A section of upper wing skin was taken from near the left wing tip, at a point about mid-chord. The post accident examination noted the presence of material on the inside surface of the wing skin inconsistent with those used in the construction of an aircraft. The wing skin section was along a tear in the skin, adjacent to the spar. This portion of the airplane was submerged in the bog after the accident until recovery of the airplane.

Microscopic examination and DNA testing by forensic ornithologists identified the material on the wing skin section as remains of a Canada goose. The ornithologists further noted that the natural history of this species was consistent with the location, time and date of the accident.

Of additional note, in the NTSB data, was an observation concerning a portion of the wreckage, "The left half of the stabilator was bent upward approximately 90 degrees at the tip, which was inconsistent with the damage to the remainder of the airframe. The inboard leading edge skin was torn from the spar. The spar was deformed but appeared otherwise intact. The stabilator section remained attached to the airframe by the spar, remaining stabilator skin aft of the spar, and the anti-servo trim tab."

The NTSB reports added some interesting info to this report: Analysis of bird strike data from 1990 through 2004 by the United States Department of Agriculture, Wildlife Services, determined that 74 percent of bird strikes occurred within 500 feet of the ground, 19 percent between 500 feet agl and 3,500 feet agl, and 7 percent above 3,500 feet. Of the 26 percent of bird strikes that occurred above 500 feet, about 7 times more strikes occurred at night than during daylight hours. This was due to the fact that about 61 percent of the reported strikes above 500 feet agl occurred at night while only 18 percent of aircraft movements occurred at night. In addition, a proportionally higher incidence of strikes occurred between September and November, and between April and May, as compared to the number of flight operations.

Further review of the data indicated that the probability of a bird strike decreased by 32 percent for every 1,000-foot increase in altitude. Outside of the airport environment, the altitude zone from 500 feet agl to 3,500 feet agl was the most hazardous, especially at night.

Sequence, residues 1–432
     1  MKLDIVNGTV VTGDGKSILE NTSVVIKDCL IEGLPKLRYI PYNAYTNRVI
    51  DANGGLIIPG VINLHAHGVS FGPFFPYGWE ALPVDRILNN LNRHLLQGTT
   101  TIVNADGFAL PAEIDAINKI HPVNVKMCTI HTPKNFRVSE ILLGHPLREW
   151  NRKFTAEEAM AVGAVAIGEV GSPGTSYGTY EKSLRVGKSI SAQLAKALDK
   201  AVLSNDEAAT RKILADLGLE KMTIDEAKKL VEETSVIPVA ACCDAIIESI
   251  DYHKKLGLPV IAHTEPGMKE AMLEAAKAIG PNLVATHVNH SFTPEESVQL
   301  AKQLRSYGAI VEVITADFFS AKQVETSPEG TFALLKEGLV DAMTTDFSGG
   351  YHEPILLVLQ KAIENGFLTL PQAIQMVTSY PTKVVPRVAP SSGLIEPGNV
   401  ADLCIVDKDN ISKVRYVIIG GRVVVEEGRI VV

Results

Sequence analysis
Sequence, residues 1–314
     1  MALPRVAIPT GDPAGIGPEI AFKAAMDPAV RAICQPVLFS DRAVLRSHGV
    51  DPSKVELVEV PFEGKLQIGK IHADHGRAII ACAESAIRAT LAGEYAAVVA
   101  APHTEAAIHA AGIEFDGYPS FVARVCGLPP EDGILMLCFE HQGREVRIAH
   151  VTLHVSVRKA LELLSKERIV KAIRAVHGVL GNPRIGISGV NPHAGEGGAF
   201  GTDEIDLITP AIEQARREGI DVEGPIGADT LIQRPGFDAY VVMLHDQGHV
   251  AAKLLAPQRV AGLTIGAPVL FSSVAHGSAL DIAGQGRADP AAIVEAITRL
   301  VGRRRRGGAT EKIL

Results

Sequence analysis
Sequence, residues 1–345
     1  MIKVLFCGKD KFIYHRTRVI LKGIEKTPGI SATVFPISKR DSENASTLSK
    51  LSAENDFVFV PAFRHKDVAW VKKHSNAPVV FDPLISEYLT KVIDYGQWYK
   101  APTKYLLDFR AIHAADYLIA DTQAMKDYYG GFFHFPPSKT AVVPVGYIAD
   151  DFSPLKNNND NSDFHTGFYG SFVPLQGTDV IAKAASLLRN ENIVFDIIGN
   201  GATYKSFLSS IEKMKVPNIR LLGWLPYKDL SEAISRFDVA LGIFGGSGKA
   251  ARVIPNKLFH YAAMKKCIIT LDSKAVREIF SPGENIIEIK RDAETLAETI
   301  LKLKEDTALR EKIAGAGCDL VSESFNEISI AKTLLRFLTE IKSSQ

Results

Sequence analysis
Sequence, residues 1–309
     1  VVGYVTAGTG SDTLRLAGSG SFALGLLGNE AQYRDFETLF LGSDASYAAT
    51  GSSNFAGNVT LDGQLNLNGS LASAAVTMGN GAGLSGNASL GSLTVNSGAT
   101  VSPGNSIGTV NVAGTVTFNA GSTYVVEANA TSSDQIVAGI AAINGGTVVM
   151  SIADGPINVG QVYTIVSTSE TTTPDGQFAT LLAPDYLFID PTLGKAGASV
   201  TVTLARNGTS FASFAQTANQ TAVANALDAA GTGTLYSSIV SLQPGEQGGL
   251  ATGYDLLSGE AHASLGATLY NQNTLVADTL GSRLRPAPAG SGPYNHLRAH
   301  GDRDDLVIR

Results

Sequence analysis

Canada geese were attributed to 668 strikes with civil aircraft between 1990 and 2002. Of those strikes, 112 resulted in substantial damage to the aircraft. The average mass of a Canada goose is 9.2 lbs for a male and 7.8 lbs for a female, with a maximum mass of 13.8 lbs. This species exhibits strong flocking behavior.

The University of North Dakota provided additional pilot training regarding bird strike hazards and mitigation. In addition, they recommended to all of their pilots and flight instructors that when possible higher cruise altitudes should be selected, especially on night cross-country flights, in order to minimize the probability of a bird strike.

The NTSB's Probable Cause determinations states that "An in-flight collision with at least one Canada goose, and the resulting damage to the left stabilator that caused the airplane to become uncontrollable. Contributing to the accident was the night lighting condition, which precluded any possibility of the flight crew seeing the bird(s) prior to impact."

FMI: www.ntsb.gov/ntsb/brief.asp?ev_id=20071102X01708&key=1, (ANN thanks Chuck Szmurlo for the use of the photo of the Canada Goose).